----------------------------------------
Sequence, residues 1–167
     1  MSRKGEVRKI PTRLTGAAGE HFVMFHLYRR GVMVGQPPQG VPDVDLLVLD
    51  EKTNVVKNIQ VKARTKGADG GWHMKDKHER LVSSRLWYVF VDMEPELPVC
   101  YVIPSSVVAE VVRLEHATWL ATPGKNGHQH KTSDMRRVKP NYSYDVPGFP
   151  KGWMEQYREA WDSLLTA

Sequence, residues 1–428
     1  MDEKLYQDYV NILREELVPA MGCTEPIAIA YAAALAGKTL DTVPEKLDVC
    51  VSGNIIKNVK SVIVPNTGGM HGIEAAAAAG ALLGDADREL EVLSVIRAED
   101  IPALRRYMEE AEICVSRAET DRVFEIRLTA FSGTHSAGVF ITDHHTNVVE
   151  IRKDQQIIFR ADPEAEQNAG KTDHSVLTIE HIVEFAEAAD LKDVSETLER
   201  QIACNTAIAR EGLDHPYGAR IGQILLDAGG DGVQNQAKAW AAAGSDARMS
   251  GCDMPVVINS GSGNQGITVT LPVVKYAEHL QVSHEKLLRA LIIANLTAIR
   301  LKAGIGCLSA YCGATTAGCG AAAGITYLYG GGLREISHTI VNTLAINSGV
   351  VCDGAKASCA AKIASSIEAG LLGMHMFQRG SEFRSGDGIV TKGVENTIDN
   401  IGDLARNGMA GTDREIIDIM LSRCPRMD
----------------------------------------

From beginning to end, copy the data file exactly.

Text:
Sequence, residues 1–167
     1  MSRKGEVRKI PTRLTGAAGE HFVMFHLYRR GVMVGQPPQG VPDVDLLVLD
    51  EKTNVVKNIQ VKARTKGADG GWHMKDKHER LVSSRLWYVF VDMEPELPVC
   101  YVIPSSVVAE VVRLEHATWL ATPGKNGHQH KTSDMRRVKP NYSYDVPGFP
   151  KGWMEQYREA WDSLLTA

Sequence, residues 1–428
     1  MDEKLYQDYV NILREELVPA MGCTEPIAIA YAAALAGKTL DTVPEKLDVC
    51  VSGNIIKNVK SVIVPNTGGM HGIEAAAAAG ALLGDADREL EVLSVIRAED
   101  IPALRRYMEE AEICVSRAET DRVFEIRLTA FSGTHSAGVF ITDHHTNVVE
   151  IRKDQQIIFR ADPEAEQNAG KTDHSVLTIE HIVEFAEAAD LKDVSETLER
   201  QIACNTAIAR EGLDHPYGAR IGQILLDAGG DGVQNQAKAW AAAGSDARMS
   251  GCDMPVVINS GSGNQGITVT LPVVKYAEHL QVSHEKLLRA LIIANLTAIR
   301  LKAGIGCLSA YCGATTAGCG AAAGITYLYG GGLREISHTI VNTLAINSGV
   351  VCDGAKASCA AKIASSIEAG LLGMHMFQRG SEFRSGDGIV TKGVENTIDN
   401  IGDLARNGMA GTDREIIDIM LSRCPRMD